Antiquary, b. in Ireland, c. 1762; d. at Naples, Italy, 1 Aug., 1815. His family was English, his mother being one of the Chetwodes of Cheshire. He was educated at Sedgley Park School, and after 1774 at the Benedictine house, St. Gregory's, Douay. He did not become a Benedictine though he always retained an attachment to the order, but went to Ireland where he taught rhetoric at Maynooth college, where he was ordained priest. He never had much sympathy for Ireland and, having given some offence there, returned to England to assist Dr. Collins in his school at Southall Park. From there he went to be chaplain to Sir William Jerningham at Costessey. In 1802 he travelled through Italy with three pupils, John Cust (afterwards Lord Brownlow), Robert Rushbroke, and Philip Roche. During these travels he wrote a journal which subsequently became celebrated in his "Classical Tour". In 1805 he resided in Jesus College, Cambridge, as tutor to George Petre. This was a most unusual position for a Catholic priest, and Eustace's intercourse with leading members of the university led to his being charged with indifferentism. Dr. Milner, then vicar Apostolic, charged him with laying aside "the distinctive worship of his priesthood, in compliment, as he professed, to the liberality of the Protestant clergy, with whom he associated" and with permitting Catholics under his care to attend Protestant services. "This conduct", wrote the bishop, "was so notorious and offensive to real Catholics, that I was called upon by my brethren to use every means in my power to put a stop to it." On the other hand, an intimate friend says, "he never for a moment lost sight of his sacred character or its duties" (Gentleman's Magazine, see below). When Petre left Cambridge, Eustace accompanied him on another tour to Greece, Sicily, and Malta. In 1813 the publication of his "Classical Tour" obtained for him sudden celebrity, and he became a prominent figure in literary society, Burke being one of his chief friends. A short tour in France, in 1814, led to his "Letter from Paris", and in 1815 he travelled again to Italy to collect fresh materials, but he was seized with malaria at Naples and died there. Before death he bitterly lamented the erroneous tendency of certain passages in his writings. His works were: "A Political Catechism adapted to the present Moment" (1810); "An Answer to the Charge delivered by the Bishop of Lincoln to the Clergy of that Diocese at the Triennial Visitation in 1812"; "A Tour through Italy" (London, 1813, 2n ed., 1814); "A Classical Tour through Italy", 3d edition of the previous work, revised and enlarged (1815). A seventh edition of it appeared in London in 1841. It was also reprinted at Paris in 1837 in a series "Collections of Ancient and Modern English Authors", and "The Proofs of Christianity" (1814). The manuscript of his course of rhetoric, never published, is at Downside.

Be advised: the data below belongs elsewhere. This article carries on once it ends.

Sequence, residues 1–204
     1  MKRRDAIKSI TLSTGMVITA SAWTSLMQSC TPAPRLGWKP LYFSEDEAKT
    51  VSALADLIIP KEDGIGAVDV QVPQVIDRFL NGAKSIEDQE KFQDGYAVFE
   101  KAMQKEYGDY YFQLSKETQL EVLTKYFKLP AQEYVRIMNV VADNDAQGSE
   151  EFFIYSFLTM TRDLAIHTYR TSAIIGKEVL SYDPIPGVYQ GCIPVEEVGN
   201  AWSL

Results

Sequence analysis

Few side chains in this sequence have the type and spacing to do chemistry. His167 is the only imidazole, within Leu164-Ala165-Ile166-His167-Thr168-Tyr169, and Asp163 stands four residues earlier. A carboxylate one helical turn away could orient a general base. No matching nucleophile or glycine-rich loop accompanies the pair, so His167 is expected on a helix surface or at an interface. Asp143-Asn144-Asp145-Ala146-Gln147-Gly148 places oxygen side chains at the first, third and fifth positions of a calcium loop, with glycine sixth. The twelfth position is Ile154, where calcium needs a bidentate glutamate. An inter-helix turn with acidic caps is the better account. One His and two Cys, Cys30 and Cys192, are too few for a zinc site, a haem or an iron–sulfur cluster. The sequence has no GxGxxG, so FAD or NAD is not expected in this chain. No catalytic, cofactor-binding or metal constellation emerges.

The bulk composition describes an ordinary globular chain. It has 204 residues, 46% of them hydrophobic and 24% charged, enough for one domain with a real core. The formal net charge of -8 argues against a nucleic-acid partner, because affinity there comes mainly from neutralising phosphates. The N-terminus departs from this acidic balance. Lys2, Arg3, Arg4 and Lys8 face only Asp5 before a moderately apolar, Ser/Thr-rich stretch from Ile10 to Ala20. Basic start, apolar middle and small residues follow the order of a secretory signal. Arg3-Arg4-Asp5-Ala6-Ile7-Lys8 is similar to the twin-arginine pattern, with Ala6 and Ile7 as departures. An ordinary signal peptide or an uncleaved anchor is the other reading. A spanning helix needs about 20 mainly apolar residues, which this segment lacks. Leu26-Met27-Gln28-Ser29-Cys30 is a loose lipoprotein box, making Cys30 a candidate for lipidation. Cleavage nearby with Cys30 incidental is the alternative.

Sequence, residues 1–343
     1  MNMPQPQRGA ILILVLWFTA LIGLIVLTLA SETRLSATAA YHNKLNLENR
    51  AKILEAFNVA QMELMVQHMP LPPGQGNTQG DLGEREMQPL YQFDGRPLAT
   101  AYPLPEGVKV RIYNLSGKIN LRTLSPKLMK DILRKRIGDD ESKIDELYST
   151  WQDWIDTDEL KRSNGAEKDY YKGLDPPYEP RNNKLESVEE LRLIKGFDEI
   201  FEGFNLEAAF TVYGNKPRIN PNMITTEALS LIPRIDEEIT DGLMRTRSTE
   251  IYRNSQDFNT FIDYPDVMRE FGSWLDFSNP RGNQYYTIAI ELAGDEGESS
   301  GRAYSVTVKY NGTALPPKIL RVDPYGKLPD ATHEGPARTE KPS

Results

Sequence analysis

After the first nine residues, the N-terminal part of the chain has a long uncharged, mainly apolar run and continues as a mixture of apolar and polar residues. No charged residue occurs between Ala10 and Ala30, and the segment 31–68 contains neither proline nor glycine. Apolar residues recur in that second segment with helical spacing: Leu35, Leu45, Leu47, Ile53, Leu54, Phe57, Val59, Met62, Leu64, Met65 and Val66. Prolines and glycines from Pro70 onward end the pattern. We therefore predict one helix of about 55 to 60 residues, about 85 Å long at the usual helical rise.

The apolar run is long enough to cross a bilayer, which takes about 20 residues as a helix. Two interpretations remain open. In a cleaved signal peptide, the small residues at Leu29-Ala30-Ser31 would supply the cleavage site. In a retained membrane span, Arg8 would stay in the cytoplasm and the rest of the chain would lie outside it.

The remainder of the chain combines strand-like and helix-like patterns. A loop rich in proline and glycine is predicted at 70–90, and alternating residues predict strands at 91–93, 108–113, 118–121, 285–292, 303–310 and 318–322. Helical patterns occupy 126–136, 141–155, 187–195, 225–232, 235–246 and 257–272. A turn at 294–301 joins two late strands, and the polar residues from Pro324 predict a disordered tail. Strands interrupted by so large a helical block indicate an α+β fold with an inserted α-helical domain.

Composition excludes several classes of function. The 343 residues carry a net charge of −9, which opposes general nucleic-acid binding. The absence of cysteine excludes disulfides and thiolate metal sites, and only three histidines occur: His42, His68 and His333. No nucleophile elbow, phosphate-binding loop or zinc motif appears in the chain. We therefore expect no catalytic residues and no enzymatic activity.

APA citation. (1909). John Chetwode Eustace. In The Catholic Encyclopedia. New York: Robert Appleton Company. http://www.newadvent.org/cathen/05626b.htm
MLA citation. "John Chetwode Eustace." The Catholic Encyclopedia. Vol. 5. New York: Robert Appleton Company, 1909. <http://www.newadvent.org/cathen/05626b.htm>.
Transcription. This article was transcribed for New Advent by Gerald M. Knight.
Ecclesiastical approbation. Nihil Obstat. May 1, 1909. Remy Lafort, Censor. Imprimatur. +John M. Farley, Archbishop of New York.
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